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Having a needle-phobic horse is a common reason for people to contact an equine behaviourist.

Needle phobias, also called needle shyness or injection shyness, manifest in horses as moderate to extreme avoidance or escape behaviours, or even aggressive behaviour when attempts are made to inject the horse. Horses displaying this problem may pull away, push into or run over the handler, spin, rear, kick, bite or strike. These behaviours occur because the horse is frightened of being injected, and is trying to reduce their fear by increasing the distance between themselves and the injection.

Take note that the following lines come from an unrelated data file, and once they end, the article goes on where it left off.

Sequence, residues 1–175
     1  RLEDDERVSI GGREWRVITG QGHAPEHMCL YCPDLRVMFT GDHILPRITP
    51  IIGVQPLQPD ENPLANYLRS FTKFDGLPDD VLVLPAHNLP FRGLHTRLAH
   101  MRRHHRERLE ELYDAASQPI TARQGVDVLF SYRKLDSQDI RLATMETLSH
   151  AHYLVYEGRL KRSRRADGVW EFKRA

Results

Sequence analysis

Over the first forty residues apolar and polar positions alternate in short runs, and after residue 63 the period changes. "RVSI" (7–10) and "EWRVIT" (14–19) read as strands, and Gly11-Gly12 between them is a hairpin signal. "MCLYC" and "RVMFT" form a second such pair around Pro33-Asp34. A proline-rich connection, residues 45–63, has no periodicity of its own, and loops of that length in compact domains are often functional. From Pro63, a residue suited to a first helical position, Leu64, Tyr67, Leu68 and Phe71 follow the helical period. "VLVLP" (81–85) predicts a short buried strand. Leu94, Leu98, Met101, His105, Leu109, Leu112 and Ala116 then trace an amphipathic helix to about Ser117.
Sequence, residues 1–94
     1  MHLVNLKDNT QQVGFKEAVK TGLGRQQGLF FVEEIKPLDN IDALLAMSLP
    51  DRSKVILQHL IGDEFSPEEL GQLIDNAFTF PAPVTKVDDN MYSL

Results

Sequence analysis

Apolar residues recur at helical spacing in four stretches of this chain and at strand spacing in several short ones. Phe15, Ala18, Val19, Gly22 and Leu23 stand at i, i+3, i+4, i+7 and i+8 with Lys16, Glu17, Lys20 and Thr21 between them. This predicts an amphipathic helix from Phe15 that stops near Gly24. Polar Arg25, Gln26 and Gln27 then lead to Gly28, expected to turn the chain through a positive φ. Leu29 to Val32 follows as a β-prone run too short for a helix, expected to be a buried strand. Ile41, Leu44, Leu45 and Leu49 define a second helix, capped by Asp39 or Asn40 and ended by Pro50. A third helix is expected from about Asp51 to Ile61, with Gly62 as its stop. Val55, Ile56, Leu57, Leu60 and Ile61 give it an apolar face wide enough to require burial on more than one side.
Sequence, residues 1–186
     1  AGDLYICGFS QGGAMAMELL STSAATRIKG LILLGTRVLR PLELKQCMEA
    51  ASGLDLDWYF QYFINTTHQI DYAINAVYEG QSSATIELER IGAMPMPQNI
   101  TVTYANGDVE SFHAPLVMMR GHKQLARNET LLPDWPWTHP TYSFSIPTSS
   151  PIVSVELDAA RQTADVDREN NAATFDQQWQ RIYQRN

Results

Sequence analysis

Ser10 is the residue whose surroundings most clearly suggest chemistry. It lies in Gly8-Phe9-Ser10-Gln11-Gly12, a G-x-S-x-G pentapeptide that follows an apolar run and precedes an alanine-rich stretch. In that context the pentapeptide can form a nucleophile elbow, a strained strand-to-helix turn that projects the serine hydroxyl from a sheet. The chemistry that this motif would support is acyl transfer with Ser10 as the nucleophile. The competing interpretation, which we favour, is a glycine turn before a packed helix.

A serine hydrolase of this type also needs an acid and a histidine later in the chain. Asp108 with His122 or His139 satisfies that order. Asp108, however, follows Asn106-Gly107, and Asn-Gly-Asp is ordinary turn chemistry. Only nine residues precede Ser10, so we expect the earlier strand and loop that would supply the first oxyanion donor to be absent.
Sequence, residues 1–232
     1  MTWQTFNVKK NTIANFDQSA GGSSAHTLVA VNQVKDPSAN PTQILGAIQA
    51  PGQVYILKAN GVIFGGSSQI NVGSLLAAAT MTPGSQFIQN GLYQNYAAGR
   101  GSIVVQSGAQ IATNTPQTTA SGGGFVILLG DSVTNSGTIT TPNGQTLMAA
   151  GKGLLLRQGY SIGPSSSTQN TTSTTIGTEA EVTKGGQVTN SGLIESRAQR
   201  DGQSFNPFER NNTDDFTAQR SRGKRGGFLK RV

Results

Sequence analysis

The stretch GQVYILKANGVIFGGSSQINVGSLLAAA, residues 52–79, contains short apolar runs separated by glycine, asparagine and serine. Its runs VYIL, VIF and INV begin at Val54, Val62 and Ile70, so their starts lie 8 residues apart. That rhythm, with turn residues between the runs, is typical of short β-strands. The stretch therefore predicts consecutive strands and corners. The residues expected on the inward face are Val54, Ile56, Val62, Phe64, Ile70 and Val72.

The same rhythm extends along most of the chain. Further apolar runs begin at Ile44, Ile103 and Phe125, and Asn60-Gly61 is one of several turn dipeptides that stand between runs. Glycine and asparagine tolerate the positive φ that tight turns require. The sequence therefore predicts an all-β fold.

Needle-phobic horses can develop these fearful responses after as little as one negative experience while being injected. Unless addressed, the problem is unlikely to resolve on its own, and often becomes worse over time.


Horses who are needle-phobic or needle shy are not only difficult or dangerous to treat medically, the problem may prevent them from receiving critical health care in an emergency. This behaviour problem also presents challenges should the owner wish to show or sell their horse.


The good news is that needle-phobic horses can be helped. With an evidence-based, low-stress retraining plan, horses can be taught how to once again tolerate having intra-muscular or jugular injections, without the risk of injury to veterinary staff.

To see a video of a formerly needle-shy horse participating in a voluntary jugular venipuncture while unrestrained, click here. 

Lauren is available to help you with your needle-phobic horse, wherever you are in the world.





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